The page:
How has introversion impacted how you approach your education?

Participation was really challenging for me, especially group gatherings and discussions. I tried to force myself to participate more, but it would often add to my anxiety. My approach to school changed after I became aware of my introversion, and how simulation, in general, affects me. For example, the pressure that I put on myself, especially when it comes to getting good grades and participation in classes, really worn me down. When I was still going to a public university, I would experience this exhaustion due to over-stimulation pretty much every day, especially the first two years. As I began to realize how sensitive I was to stimulation, I started to set boundaries and change my study environment to reduce stress. Recently, I switched to an online university, so I do most of my studying alone and in an environment that I feel comfortable. I also started to develop self-care strategies to help me to recharge. For example, I started to journaling and meditating to help me to cope with the over-stimulation better.

What things do you do to maintain a healthy balance in your life?

Meditation is definitely key to maintaining a healthy balance for me. I practice meditation pretty much everyday. Meditation is especially helpful for highly sensitive individuals as it helps to calm the mind. At the same time, meditation reduces nervousness and anxiousness, partially due to lowered blood pressure and increased oxygenation caused by the breathing exercises. Previously, I would not even be able to fall asleep at night because of overthinking, being haunted by thoughts day and night. Meditation has helped me to let go of all these negative thoughts, which is something that many introverts struggle with because they are prone to be over-thinkers. Through meditation, I am able to get rid of the negativities from my system and replace them with positive affirmations.

Recommended Books and Resources

Quiet by Susan Cain

The Idea of Freedom: Essays in Honour of Isaiah Berlin by Alan Ryan

Insight Timer

“The German Introvert” by Julia Burdajewicz

Thank you, Julia, for sharing the excellent advice with us and our readers! 

_

_

Missed the podcast? Listen here:

_

_

For more advice about writing, check out our weekly podcast or subscribe to our monthly newsletter.

_

To get more help with your assignments, book a 20 minute discovery session with us and start your journey to reaching your full potential on the page, and in life.


Both the written, visual, audio, and audiovisual content of this post has been created by and is the intellectual property of Lisa Pfau and PFAU Academic Writing. Please do not replicate any of the above content without our consent. However, please do feel free to share this post and its authorship widely.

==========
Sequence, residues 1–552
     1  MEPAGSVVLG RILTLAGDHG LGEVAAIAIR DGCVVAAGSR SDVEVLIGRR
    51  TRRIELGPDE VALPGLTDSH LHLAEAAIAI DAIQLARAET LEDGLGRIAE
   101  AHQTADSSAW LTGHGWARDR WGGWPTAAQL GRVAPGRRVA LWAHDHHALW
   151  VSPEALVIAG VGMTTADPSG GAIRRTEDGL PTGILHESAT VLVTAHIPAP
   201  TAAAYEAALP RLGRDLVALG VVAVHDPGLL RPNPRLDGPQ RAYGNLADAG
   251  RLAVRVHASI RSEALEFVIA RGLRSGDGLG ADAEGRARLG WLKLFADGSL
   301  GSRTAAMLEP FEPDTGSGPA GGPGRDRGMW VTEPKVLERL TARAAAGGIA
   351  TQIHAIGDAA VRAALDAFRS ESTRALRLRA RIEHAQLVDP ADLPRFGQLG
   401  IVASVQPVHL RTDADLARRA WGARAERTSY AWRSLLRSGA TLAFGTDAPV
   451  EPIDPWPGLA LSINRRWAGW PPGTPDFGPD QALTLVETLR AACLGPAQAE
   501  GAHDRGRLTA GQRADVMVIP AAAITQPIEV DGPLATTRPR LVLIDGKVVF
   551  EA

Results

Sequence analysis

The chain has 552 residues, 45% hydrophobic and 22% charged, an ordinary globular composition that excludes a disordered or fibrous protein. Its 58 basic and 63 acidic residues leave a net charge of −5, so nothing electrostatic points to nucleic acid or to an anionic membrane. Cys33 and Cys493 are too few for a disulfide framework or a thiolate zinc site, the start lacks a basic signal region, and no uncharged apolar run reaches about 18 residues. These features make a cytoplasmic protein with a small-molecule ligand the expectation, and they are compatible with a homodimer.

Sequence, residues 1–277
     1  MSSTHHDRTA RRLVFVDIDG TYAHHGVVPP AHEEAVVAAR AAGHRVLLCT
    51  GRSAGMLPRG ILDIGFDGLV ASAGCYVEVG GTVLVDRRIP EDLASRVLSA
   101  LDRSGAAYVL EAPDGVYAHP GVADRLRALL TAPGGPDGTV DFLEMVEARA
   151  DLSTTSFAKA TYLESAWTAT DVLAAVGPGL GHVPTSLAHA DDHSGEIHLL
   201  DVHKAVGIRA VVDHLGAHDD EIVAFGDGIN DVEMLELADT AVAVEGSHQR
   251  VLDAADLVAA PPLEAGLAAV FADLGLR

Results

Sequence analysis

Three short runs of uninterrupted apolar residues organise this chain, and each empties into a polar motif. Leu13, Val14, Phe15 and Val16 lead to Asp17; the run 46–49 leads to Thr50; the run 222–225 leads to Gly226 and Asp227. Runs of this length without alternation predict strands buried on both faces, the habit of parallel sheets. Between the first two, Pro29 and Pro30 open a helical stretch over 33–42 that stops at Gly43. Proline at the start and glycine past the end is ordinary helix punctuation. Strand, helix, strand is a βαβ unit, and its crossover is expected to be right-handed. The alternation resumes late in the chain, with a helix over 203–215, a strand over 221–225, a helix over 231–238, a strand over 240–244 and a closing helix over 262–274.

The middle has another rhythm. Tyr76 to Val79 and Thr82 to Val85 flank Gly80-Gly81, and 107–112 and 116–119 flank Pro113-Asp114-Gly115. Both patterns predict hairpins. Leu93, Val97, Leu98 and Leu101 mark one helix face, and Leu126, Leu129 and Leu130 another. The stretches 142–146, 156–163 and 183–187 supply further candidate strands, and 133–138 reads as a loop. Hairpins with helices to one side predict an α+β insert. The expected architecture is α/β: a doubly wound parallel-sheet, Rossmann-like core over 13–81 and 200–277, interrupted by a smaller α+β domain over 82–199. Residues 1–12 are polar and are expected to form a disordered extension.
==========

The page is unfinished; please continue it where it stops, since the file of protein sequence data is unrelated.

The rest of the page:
Mind-Body Connection: Interview with Kali Hewitt-Blackie

 

We interviewed Kali Hewitt-Blackie on the connection between the mind and body. We wanted to talk about this topic because prioritizing health, both mental and physical, given all the external stresses of 2020 – COVID-19, Black Lives Matter, economic recession, and so forth.

 

kalihewitt blackie Mind Body Connection: Interview with Kali Hewitt Blackie

Kali Hewitt-Blackie is a registered psychotherapist and Aikido instructor. Kali has 32 years of clinical experience working from somatic and feminist perspectives, as well as being trained in Gestalt therapy. Kali also is a 5th Dan Aikido martial artist and instructor at Regent Park Community Aikido. 

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In your experience as both a Psychotherapist and martial arts instructor, how do you see the connection between mind and body in overall health?

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Mind and body are intricately connected, they aren’t entirely separate things like mind-body duality would suggest. A lot of mental illnesses and neurosis are situational such as financial stress, exhaustion, and health issues. Our physical interpretations of these stressors are often dependent on the way we conceptualize stress. Sleep, diet, exercise, and how we think about ourselves are important for maintaining balanced physical and mental health.

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What drew you to the practice of Aikido?

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Aikido is not a fighting martial art but is about energy and more specifically, the exchange of energy. It works to balances structure and the importance of adaptability, a skill which can be applied to other circumstances outside of one’s control, such as COVID-19. I find that Aikido also relates to Gestalt psychology in its holistic approach and helps you be in the moment. Anyone can learn it, regardless of physical ability and smaller people have a lot of power in being able to use their agility. Instead of being comparative, in Aikido you need to respond to your partner and move their energy, not push back with force.

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For young adults who are still developing their own sense of self, what kind of advice would you have for them to build a healthy and sustainable life?

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COVID is a challenge because you are alone with yourself and your thoughts, but it’s a good time to connect with and get to know yourself. However, it can be challenging if you don’t yet have a good relationship with yourself, yet which may cause issues to arise. While being isolated can be easier for introverts, it is important for everyone to be in touch with themselves. The basics are: get enough sleep, eat better, exercise, sleep, and do what you need to take care of yourself. Getting to know yourself is a life long process.

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Thank you, Kali, for sharing the excellent advice with us and our readers!

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How to reach Kali: 416-992-2123 or kalihewittb@gmail.com

Find out more about Kali’s Regent Park Akaido practice here

Book Recommendations from our discussion:

The Body Keeps Score by Bessel van der Kolk

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For more advice about professional development and student life, check out our weekly podcast or subscribe to our monthly newsletter.